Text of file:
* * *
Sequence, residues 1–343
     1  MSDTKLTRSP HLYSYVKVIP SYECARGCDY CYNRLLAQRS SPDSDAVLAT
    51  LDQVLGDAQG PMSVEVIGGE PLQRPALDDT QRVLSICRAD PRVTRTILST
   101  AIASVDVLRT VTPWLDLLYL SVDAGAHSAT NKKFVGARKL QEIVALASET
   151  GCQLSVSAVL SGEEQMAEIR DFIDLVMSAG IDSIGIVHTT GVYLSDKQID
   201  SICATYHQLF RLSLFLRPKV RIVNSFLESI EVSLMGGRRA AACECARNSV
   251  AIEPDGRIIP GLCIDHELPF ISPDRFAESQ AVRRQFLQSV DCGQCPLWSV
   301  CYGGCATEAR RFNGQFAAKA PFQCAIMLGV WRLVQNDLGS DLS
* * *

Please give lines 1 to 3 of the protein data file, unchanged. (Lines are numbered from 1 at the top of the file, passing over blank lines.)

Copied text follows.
Sequence, residues 1–343
     1  MSDTKLTRSP HLYSYVKVIP SYECARGCDY CYNRLLAQRS SPDSDAVLAT
    51  LDQVLGDAQG PMSVEVIGGE PLQRPALDDT QRVLSICRAD PRVTRTILST